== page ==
As Canadians prepare to fill up their tax forms this year and dutifully turn over part of their hard-earned money to the government, it’s worth noting that some individuals and corporations will manage through various tax evasion techniques to pay the taxes there are supposed to.
An estimated $81 billion is lost to tax evasion each year, according to the Tax Justice Network, an independent, international network that conducts research, analysis and advocacy in the area of tax evasion. According to some figures, Canada also loses some $45 billion due to tax fraud.
That’s money that could have been spent on various services such a healthcare, education, housing or seniors’ pensions.
One of the key problems governments face in tackling the multi-billion dollar problem of tax loss is the lack of resources to cope with the massive amount of data crunching involved in uncovering “connections” behind the elaborate networks used by tax evaders, according to Carl Hammersburg, senior solutions architect, government fraud at software company SAS.
Many revenue agencies are stuck on using largely manual processes in sorting through documents in order to verify the veracity of tax returns but such methods can be enhanced through automation and the use of analytics solutions that will yield massive fiscal returns, he said.
“The traditional man-to-man auditing can take very long,” Hammersburg said. “Very often, by the time fraud is discovered falsely claimed tax refunds have already been received and unscrupulous tax preparers have already gone underground.”
The toll on government coffers is huge. For instance, he said, the tax gap in the United States is around $385 billion each year. One of the methods favoured by criminals is using identity theft to assume the identity of another person in order to claim that person’s tax refund.
In the European Union, countries lose an estimated €198 billion each year due to fraud related to value added tax (VAT) refunds.
However, advanced analytics are now being used by some government agencies like the United Kingdom Tax Authority, Belgium’s VAT program, the Estonian Tax and Customs board and various state governments throughout the United States.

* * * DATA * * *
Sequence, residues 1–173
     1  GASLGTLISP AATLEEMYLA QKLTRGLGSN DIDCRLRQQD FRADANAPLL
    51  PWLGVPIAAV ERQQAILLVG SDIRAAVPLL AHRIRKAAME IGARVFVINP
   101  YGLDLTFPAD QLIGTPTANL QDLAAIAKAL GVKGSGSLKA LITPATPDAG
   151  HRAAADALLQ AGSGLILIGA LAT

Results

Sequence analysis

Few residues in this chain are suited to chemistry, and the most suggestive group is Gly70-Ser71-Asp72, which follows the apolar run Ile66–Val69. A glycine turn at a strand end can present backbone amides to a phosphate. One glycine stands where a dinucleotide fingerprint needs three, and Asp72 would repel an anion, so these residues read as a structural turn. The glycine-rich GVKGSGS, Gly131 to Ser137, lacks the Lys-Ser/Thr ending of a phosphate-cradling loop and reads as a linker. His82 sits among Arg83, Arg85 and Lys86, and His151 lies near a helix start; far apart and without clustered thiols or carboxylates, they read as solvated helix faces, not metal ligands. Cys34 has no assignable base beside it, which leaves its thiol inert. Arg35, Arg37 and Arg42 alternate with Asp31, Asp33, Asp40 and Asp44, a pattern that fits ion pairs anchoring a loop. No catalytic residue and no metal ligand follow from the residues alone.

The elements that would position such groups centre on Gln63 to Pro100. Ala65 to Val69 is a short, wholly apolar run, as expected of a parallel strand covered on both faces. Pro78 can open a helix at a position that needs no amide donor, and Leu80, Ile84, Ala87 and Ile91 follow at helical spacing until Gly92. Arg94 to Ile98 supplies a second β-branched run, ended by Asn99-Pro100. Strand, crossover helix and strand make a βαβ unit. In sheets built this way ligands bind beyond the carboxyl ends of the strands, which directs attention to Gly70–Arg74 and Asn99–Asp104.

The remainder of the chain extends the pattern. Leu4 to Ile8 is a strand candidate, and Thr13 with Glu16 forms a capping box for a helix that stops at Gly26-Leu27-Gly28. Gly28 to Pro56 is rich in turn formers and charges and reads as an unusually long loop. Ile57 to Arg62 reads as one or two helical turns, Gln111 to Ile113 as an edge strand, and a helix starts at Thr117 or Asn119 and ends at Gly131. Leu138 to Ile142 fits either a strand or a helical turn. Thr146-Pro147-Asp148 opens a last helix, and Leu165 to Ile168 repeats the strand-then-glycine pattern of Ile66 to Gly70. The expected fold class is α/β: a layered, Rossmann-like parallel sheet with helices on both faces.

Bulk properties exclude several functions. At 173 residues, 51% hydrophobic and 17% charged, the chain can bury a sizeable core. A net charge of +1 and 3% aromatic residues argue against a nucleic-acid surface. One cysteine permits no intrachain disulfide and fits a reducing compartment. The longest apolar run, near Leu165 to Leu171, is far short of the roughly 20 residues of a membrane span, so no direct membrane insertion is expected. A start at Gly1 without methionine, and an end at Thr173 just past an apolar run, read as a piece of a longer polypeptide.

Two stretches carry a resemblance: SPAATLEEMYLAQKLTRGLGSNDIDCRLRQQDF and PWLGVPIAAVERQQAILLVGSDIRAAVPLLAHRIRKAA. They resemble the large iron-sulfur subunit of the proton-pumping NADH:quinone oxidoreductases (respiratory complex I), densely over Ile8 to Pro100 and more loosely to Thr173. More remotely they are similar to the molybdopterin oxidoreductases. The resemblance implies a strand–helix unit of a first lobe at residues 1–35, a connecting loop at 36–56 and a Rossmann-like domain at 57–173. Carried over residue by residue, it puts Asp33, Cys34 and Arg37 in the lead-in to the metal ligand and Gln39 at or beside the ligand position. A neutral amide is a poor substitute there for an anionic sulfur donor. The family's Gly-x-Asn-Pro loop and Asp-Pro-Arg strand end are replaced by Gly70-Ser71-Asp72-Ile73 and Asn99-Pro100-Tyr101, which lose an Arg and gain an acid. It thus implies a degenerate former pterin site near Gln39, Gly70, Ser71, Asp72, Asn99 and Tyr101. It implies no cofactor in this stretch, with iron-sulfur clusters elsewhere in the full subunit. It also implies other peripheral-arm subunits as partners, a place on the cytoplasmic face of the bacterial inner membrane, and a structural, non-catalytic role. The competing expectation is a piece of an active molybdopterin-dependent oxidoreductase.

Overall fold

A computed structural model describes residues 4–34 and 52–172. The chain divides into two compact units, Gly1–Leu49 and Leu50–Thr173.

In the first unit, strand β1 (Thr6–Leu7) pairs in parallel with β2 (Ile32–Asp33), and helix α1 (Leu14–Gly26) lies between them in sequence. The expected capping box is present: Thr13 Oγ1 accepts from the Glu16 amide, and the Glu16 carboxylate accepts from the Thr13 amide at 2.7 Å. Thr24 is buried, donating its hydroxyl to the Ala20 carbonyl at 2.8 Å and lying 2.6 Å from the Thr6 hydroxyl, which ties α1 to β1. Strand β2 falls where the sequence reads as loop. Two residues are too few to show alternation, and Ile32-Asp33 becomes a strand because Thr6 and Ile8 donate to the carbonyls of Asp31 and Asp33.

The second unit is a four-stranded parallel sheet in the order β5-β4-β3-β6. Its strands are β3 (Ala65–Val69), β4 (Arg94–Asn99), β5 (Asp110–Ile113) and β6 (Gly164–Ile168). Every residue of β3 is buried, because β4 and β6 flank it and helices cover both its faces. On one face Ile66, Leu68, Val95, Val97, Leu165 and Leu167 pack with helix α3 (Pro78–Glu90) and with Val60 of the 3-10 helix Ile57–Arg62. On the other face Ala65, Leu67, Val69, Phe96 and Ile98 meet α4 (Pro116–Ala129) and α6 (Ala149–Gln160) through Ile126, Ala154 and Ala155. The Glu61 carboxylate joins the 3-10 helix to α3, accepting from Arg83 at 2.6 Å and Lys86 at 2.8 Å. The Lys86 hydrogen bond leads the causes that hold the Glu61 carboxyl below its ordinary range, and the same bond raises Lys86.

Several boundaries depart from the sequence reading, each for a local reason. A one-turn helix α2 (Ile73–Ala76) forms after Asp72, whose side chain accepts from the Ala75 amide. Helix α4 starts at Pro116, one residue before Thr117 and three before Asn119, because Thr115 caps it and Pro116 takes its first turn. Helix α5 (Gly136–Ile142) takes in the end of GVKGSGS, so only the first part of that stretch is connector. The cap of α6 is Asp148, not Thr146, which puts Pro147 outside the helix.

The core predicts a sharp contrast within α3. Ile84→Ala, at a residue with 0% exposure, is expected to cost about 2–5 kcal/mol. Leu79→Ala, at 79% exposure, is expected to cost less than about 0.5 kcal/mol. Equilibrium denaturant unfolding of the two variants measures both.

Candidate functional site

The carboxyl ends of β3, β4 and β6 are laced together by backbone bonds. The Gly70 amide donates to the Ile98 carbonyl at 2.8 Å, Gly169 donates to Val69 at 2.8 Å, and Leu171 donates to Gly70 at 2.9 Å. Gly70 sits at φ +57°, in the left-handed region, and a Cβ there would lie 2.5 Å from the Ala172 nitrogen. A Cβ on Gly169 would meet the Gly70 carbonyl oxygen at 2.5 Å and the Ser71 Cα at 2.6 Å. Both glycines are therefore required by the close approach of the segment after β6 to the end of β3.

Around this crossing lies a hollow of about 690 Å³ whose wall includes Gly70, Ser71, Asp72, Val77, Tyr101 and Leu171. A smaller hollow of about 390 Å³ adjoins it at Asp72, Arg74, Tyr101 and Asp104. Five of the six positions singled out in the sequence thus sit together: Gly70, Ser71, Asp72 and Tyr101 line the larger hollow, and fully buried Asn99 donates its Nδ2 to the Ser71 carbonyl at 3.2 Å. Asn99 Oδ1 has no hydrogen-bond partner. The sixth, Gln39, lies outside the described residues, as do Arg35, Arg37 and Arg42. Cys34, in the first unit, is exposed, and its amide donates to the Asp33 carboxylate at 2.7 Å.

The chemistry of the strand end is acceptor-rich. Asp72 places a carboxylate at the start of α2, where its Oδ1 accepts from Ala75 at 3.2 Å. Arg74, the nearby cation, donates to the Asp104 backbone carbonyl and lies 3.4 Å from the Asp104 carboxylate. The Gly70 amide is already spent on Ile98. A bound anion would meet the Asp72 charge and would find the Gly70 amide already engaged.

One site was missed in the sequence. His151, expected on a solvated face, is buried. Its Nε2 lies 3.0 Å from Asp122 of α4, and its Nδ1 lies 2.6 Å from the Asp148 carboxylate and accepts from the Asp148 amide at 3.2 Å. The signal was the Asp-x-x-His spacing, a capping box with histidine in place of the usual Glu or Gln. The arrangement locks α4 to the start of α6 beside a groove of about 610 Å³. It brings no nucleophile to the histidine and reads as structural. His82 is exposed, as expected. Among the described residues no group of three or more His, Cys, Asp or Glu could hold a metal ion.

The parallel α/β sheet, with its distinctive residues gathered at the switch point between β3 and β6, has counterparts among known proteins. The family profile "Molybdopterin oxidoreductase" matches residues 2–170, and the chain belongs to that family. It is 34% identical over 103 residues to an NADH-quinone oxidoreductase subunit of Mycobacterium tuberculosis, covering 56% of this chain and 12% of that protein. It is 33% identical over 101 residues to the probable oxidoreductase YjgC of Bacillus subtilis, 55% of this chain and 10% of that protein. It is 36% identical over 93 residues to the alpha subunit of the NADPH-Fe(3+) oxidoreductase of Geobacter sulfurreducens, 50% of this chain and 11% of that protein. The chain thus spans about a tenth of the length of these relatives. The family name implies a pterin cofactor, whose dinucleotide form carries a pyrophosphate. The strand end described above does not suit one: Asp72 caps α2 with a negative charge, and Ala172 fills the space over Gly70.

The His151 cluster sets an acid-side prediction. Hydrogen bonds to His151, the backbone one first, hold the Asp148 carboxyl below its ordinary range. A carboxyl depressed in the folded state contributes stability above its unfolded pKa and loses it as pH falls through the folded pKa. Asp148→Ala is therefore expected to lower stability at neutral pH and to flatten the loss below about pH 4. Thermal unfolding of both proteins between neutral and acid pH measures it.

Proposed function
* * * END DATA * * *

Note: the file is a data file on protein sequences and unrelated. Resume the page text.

In 2012, the Los Angeles County worked with SAS to develop the first U.S. local government fraud detection system using advanced analytics, predictive models, and social networks to analyze, detect and prevent fraud.
Using the SAS Fraud Framework for Government, the county found more than 200 additional referrals for child care fraud and uncovered two conspiracy groups “significantly earlier than traditional detection procedures.”
A SAS fraud-detection system for the Louisiana Workforce Commission collected more than $1.2 million in improperly avoided unemployment taxes, plus penalty and interests.
Hammersburg said like the Tax Fraud Framework from SAS have been successful in helping authorities quickly identify potential tax fraud networks in a matter of minutes as opposed to days or months.
“Imagine a single person in a tax department will spend approximately 10 hours in a single case. It would take weeks, even months to recognize the structure or a network,” according to Hammersburg. “With the Tax Fraud Framework, that same person can complete the work on a single case in about two minutes.”
The analytics engine of the Tax Fraud Framework essentially searches for two sorts potential fraudulent connections: simple linkages; and complex linkages.
In investigating simple links, the solution focuses on peer links and what Hammersburg calls “outliers.”
“This could be a person living in B.C, but filing in Montreal, or members of the same family using a different tax preparer, or a business that had a sudden hiring spree but could not show any profit,” he said. “Although there may be nothing illegal, these could be red flags to potentially fraudulent activity.”
The investigation of complex linkages focuses on networks.
“This type of investigation looks into the ‘who and why’ a person is connected to certain tax preparers,” Hammersburg explains. “Over time, you’ll begin to recognize patterns. The same addresses are used over-and-over again, or multiple people from different locations are sharing the same bank account.”
These connections are often uncovered through traditional methods as well but not as fast.
“By the time authorities figure out what’s happening, the refunds have paid and the money is already on its way out of the country,” said Hammersburg.